“Elementary Lessons in Electricity and Magnetism,” S. P. Thompson, net $1.40.

“Cyclopedia of Applied Electricity,” American School of Correspondence.

“Dynamo Electric Machinery,” S. P. Thompson,

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“Elementary Book on Electricity and Magnetism," D. C. and J. P. Jackson, net $1.40.

The most valuable reference books are the volumes of transactions of the engineering societies. It is suggested that students in electrical engineering join the A. I. E. E. either as students or associates. The value of the engineering periodicals should not be overlooked.

PROFESSOR H. P. Talbot: I notice that in the report on technical books for libraries there is no general work which seems to cover modern chemistry, including the applications of physical chemistry. I should like to suggest the inclusion of a book recently published by the Century Co. and entitled “An Outline of Inorganic Chemistry." The author is Professor Alexander Smith, of the University of Chicago.

PROFESSOR MAGRUDER: I would suggest that the committee include the number and date of the last edition of each book. I notice that old editions are given, or described, where more recent editions have been published. The titles of a number of helpful older books might be added. The titles of quite a number of recently published books have been omitted. The number of books on mining engineering might be easily and wisely increased.

I would like to know the reason for limiting the number of titles to five hundred rather than to six hundred or more. Would the committee decline to publish the titles of new books, or would they feel forced to eliminate as many titles as they added? Why should some books be listed twice, and others be omitted? For ease in finding the general subjects, would it not be well to rearrange the latter so that they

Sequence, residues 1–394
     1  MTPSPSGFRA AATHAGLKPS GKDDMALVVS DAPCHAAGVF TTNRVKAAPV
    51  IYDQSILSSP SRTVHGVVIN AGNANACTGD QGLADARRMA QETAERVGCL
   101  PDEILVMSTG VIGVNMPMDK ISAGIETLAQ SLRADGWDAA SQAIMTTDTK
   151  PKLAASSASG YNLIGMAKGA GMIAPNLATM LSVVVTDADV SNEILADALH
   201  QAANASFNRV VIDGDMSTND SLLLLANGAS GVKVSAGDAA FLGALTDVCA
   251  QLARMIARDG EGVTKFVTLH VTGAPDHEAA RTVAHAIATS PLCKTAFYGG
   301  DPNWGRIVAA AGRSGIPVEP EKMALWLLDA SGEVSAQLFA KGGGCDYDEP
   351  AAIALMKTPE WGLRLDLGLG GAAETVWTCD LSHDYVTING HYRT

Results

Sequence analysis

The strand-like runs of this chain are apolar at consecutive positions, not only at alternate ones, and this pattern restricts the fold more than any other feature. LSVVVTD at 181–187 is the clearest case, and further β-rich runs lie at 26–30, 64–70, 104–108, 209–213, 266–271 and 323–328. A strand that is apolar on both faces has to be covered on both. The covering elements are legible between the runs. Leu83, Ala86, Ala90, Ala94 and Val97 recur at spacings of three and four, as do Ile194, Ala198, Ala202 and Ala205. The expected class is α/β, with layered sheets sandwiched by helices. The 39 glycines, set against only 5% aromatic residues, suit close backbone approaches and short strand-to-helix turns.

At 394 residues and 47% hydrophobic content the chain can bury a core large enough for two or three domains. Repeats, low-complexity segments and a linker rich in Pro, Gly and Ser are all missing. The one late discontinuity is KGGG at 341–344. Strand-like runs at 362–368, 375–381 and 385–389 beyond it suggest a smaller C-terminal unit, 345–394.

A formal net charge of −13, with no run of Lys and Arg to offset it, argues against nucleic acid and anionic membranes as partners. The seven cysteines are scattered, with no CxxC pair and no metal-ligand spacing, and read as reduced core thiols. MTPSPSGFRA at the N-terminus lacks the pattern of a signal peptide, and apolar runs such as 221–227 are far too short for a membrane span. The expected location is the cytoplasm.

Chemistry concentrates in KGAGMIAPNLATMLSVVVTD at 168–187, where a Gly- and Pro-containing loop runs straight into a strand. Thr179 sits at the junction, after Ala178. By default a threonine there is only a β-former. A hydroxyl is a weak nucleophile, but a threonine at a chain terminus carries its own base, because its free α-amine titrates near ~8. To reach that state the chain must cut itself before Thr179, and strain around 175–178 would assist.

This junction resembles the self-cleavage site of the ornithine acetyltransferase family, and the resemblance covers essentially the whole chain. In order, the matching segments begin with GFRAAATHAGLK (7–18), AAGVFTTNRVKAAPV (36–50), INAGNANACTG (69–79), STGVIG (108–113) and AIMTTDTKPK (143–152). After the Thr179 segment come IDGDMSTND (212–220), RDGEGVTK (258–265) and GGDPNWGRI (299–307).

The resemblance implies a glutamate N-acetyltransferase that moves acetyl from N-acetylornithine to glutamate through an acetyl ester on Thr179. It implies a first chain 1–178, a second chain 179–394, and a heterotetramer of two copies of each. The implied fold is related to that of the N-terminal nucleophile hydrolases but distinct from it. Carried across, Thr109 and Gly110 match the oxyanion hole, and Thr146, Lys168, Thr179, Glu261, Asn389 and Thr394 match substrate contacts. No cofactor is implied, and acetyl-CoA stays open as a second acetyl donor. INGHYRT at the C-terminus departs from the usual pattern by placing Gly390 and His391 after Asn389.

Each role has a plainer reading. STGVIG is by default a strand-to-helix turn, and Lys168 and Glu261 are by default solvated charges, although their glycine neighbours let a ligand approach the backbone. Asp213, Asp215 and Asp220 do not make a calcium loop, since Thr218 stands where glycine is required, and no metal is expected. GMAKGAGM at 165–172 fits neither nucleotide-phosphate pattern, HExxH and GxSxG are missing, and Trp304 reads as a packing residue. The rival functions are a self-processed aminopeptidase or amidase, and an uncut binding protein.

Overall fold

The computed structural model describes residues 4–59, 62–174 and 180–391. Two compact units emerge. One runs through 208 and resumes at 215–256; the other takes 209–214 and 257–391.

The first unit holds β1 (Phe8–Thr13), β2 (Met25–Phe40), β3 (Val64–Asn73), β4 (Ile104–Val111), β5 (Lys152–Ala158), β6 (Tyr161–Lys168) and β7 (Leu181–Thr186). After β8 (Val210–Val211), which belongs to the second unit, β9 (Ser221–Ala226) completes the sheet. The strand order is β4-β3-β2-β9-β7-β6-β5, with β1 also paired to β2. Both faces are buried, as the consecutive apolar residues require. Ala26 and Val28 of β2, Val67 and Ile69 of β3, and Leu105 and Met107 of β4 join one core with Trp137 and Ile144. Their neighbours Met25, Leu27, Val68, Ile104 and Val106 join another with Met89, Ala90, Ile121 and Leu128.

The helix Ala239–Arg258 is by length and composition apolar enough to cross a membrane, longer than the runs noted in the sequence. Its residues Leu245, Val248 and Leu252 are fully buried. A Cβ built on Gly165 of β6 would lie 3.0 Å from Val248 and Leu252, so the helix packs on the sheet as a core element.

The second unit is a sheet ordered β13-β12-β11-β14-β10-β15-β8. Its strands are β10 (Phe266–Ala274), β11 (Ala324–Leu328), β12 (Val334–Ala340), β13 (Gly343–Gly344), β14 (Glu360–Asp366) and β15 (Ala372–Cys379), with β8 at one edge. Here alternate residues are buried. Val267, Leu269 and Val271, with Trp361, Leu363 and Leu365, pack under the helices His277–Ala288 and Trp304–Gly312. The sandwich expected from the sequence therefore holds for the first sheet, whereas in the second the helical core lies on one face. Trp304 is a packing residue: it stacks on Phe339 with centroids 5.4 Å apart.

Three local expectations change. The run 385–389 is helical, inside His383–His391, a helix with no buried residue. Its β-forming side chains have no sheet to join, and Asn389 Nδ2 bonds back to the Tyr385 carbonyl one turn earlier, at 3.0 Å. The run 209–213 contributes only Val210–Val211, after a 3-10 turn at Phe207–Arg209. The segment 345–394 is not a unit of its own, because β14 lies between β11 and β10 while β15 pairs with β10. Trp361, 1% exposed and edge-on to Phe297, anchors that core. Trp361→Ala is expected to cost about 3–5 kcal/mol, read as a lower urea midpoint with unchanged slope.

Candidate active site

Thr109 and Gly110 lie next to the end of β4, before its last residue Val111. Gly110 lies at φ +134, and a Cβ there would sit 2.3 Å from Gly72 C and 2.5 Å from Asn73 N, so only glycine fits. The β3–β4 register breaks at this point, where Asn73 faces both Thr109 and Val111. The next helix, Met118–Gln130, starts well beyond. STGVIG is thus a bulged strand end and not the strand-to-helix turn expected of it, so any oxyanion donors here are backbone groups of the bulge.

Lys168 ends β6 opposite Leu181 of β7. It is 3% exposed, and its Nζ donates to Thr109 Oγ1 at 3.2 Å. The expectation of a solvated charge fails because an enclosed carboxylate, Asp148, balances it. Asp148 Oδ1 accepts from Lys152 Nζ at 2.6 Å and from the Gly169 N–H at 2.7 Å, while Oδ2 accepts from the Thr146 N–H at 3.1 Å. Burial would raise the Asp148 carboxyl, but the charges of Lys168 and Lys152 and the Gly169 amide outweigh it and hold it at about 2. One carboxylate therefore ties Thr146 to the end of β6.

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shall appear alphabetically in the table of contents ? Why include the proceedings or transactions of certain societies, and omit the Transactions of the American Institute of Mining Engineers; also why leave out the Proceedings of a society called the Society for the Promotion of Engineering Education? Why include the Pocket-Books of Kent, Kidder, Suplee and Trautwine, and omit Foster's Electrical Engineers Pocket-Book? Should not Wait’s Engineering and Architectural Jurisprudence be included under “Reference Books,” rather than under “Civil Engineering''? I would suggest the insertion of "The American Gas Light Journal,” “The Gas Engine,” a monthly magazine published in Cincinnati, and now in its ninth year, and “The Technology Quarterly, and that the bulletins published by certain of the engineering colleges be included.

I do not like to see Professor Kent's "Mechanical Engineers' Pocket-Book” designated as “the mechanical engineers’ bible.” The unintended irreverence, the slur on the profession, and the suggestion that this pocket-book is a “sacred book” are hardly in good taste.

The committee has done a laborious and useful piece of work, and should receive the thankful appreciation of the members of our society and of many others who will use the report.

PROFESSOR SWAIN: I would suggest that “Architectural Engineering” should be separated from “Architecture."

PROFESSOOR A. N. TALBOT: Some of the books on electrical railways are given under “Railways," and some under "Electric Power Transmission." Would it not be better to group all these under “Electric Railways?"